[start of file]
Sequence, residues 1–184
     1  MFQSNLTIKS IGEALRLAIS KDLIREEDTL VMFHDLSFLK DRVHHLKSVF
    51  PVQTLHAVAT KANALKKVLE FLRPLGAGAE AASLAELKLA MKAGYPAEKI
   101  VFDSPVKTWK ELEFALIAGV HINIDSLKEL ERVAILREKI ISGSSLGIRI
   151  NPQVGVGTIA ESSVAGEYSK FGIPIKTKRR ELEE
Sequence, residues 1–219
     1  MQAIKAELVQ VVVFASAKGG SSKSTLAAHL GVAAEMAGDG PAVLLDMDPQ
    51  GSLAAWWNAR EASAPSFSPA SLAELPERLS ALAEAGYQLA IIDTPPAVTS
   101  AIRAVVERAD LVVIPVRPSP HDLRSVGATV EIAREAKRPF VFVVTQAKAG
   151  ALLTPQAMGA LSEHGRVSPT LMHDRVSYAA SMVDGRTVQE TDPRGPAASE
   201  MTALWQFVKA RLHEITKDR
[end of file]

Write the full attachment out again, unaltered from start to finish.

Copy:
Sequence, residues 1–184
     1  MFQSNLTIKS IGEALRLAIS KDLIREEDTL VMFHDLSFLK DRVHHLKSVF
    51  PVQTLHAVAT KANALKKVLE FLRPLGAGAE AASLAELKLA MKAGYPAEKI
   101  VFDSPVKTWK ELEFALIAGV HINIDSLKEL ERVAILREKI ISGSSLGIRI
   151  NPQVGVGTIA ESSVAGEYSK FGIPIKTKRR ELEE
Sequence, residues 1–219
     1  MQAIKAELVQ VVVFASAKGG SSKSTLAAHL GVAAEMAGDG PAVLLDMDPQ
    51  GSLAAWWNAR EASAPSFSPA SLAELPERLS ALAEAGYQLA IIDTPPAVTS
   101  AIRAVVERAD LVVIPVRPSP HDLRSVGATV EIAREAKRPF VFVVTQAKAG
   151  ALLTPQAMGA LSEHGRVSPT LMHDRVSYAA SMVDGRTVQE TDPRGPAASE
   201  MTALWQFVKA RLHEITKDR